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A Commitment To Support Our Women Warriors

October 10, 2018 5 minute Read
Kevin Walton
A participant in the Stand-To class discusses his work to support and empower women veterans, and how he's teaching his daughters about their service and sacrifice.

Since June of this year I have been participating in the Stand-to Veteran Leadership Program at the Bush Institute, representing the Foundation For Women Warriors. Our mission at the Foundation is to serve women veterans and their children, so that their next mission is clear and continues to impact the world. We do this because we know from experience how smart, strong, and resilient women veterans are, and how we can all benefit from their unique contributions.

My role at the Foundation For Women Warriors is that of an Ambassador, responsible for spreading the word about our organization, our mission, and our exceptional clients. The Stand-To program has provided exactly the platform needed to carry out those responsibilities. Participation includes monthly travel with the class as we hear from an incredible array of servant and thought leaders around the country, who all work to improve veteran outcomes. It is an experience unlike any other and one that affords unparalleled access to people who help us amplify our impact. 

Representing the unique needs of women veterans among the leaders we have engaged with is a privilege, and one my family has shared in every step of the way. From their roles in my introduction video to the cohort, to posing for pictures all around California with the coveted “PT” belt, they are all in to help me spread the word about women veterans. They listen to stories of my experiences, and stand by patiently when I share them with anyone curious enough to ask about the Veteran Leadership Program. They hold down the fort when I’m gone, and help me reintegrate into our family dynamic when I return. All of this though, requires a commitment to our shared belief in the value of advocating for women veterans, and it has meant sacrificing a portion of our life together.

Explaining that sacrifice to 8 and 10 year-olds is a front row seat to life experience as they learn what commitment means, and how to recover from its cost. When we talk about our time apart and why it happens, it’s always okay to feel our feelings, tears included. Learning to process those feelings is an important part of becoming resilient, and feeling empowered when you come out the other side. As parents, it’s our hope that our family’s shared commitment to women veterans and their children imparts that sense of empowerment, because my girls are the children of a woman veteran too.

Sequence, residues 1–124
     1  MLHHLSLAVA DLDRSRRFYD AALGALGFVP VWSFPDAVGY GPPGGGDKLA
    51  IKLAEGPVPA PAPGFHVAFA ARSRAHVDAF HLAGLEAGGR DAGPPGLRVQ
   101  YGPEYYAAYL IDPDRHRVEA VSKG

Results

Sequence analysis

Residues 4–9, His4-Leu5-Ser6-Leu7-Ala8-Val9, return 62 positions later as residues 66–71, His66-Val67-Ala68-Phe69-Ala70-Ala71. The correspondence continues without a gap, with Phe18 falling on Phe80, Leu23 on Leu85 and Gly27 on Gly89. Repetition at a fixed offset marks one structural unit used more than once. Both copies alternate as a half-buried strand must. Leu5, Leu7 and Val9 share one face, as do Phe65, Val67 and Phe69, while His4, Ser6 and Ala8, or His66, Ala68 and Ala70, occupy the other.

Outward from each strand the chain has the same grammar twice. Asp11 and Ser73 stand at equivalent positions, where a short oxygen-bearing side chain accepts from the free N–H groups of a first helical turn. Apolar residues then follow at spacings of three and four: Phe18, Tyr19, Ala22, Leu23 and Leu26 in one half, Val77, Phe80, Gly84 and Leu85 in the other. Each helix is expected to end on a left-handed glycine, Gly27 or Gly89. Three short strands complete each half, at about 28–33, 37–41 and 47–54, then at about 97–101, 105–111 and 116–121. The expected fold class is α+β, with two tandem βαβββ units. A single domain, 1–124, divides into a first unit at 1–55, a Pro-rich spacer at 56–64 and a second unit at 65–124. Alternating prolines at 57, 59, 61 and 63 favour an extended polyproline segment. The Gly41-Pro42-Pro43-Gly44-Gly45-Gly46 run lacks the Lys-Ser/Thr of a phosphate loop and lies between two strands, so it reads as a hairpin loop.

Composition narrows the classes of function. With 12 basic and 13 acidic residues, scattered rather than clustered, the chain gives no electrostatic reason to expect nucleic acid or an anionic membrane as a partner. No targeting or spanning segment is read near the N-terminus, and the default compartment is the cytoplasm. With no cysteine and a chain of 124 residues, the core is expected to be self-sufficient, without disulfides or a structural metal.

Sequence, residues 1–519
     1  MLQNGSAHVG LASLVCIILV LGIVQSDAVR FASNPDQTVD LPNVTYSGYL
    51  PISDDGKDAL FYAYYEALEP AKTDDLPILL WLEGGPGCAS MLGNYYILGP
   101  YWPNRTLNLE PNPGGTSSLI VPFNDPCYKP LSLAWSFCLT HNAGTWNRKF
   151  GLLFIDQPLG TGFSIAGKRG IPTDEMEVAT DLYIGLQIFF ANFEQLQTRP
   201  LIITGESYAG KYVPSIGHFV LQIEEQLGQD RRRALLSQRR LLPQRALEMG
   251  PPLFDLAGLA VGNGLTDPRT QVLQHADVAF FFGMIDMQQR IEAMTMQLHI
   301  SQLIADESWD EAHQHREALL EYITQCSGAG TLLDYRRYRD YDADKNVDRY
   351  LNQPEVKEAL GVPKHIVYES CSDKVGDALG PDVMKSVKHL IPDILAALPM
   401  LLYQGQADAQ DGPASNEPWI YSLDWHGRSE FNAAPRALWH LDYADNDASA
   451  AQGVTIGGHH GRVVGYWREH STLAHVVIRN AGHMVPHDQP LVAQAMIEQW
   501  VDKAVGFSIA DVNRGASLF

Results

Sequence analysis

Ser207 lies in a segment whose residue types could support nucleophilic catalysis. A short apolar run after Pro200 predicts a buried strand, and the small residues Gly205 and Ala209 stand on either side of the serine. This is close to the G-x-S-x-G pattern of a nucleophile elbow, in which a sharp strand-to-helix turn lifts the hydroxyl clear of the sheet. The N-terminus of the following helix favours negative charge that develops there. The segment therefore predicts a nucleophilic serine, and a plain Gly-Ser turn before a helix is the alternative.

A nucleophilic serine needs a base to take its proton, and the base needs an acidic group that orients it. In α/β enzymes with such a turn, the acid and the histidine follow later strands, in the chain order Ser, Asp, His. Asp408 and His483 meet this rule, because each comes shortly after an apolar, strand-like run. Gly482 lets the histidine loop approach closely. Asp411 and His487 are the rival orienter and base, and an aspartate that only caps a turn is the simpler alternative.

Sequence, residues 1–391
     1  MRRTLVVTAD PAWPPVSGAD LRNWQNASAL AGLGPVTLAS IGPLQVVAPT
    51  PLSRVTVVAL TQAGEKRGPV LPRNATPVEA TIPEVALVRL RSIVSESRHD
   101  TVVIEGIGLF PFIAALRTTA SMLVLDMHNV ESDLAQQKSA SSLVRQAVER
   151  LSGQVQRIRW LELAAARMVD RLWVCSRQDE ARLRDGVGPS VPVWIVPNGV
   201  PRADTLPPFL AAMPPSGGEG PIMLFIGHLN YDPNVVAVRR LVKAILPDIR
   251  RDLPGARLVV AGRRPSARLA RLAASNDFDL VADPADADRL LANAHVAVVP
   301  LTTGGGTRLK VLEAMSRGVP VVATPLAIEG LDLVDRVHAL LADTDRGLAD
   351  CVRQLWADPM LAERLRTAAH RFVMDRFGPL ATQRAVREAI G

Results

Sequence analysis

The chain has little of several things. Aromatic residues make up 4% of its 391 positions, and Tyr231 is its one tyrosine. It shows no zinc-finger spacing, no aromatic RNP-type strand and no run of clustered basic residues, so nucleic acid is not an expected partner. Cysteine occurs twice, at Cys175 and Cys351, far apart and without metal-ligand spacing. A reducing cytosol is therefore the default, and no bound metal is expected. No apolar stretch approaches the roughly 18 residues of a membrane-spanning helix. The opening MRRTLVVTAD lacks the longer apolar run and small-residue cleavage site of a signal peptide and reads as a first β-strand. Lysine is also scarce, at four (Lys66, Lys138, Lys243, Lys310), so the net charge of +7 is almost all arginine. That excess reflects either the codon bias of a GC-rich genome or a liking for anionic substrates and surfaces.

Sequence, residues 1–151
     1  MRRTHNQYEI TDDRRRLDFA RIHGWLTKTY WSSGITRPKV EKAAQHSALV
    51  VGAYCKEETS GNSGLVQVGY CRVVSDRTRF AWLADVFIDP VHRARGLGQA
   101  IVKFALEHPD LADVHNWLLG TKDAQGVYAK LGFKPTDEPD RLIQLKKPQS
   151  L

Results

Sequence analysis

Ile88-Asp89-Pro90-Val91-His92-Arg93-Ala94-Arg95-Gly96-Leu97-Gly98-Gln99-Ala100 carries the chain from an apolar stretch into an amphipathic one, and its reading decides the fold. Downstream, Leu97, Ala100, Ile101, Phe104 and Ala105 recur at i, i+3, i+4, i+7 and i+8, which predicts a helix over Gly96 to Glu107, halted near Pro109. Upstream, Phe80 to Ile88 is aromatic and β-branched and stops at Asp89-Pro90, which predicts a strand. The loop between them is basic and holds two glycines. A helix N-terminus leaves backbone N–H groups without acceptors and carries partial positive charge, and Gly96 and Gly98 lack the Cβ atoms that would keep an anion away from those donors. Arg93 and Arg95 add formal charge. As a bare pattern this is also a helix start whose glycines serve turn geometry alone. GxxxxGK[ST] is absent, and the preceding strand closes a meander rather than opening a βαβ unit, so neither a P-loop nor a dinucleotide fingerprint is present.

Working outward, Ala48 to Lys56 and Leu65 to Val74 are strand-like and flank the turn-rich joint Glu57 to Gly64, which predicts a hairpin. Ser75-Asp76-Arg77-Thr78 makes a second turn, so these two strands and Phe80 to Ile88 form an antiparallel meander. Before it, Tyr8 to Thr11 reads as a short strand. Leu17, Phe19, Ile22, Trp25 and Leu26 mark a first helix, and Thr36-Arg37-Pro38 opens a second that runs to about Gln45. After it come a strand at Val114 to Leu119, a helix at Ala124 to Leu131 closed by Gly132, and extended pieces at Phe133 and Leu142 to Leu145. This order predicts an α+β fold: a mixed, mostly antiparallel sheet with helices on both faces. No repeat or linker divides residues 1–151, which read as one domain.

These lessons of commitment, sacrifice, and recovery are nothing new to our country’s growing population of women veterans, like they are to my daughters. But, when it comes to our society’s understanding of the vital contributions of women in the military, the message isn’t getting across. There are approximately 2 million women veterans in the United States, whose time in uniform spans all war and peacetime cohorts, a full 10% of the veteran population! A little over 360,000 women currently serve on active duty, and one of them is my niece, who maintains Navy fighter jets. She and other women comprise 17% of our entire military force. 

Despite their growing representation in the active duty military, many of the women veterans I engage with have experienced a bias towards recognition of men as veterans. This is in addition to the many veteran programs and service organizations that still lack components tailored to the unique needs of women. Some of those needs are obvious, like women’s healthcare, and some disproportionately affect women veterans like childcare, housing, and under employment.

The kind of commitment that is required to defend our country is universally respected and honored. As citizens who benefit from that commitment, it is time we restore equity to that honor for our Women Warriors. I encourage you to join my family in committing to support our women veterans and their children by contacting your local veteran support organization and inquiring about opportunities in their women veterans programs. By doing so you honor their service to this country, and you empower their future.

Kevin Walton is a member of the inaugural Stand-To Veteran Leadership class and currently a Systems Engineer at Boeing, where he provides technical oversight and management for system product verification. During his participation with Stand-To, Kevin will support women veterans and their children with short-term, high-impact relief in order to navigate life’s obstacles and make successful life transitions.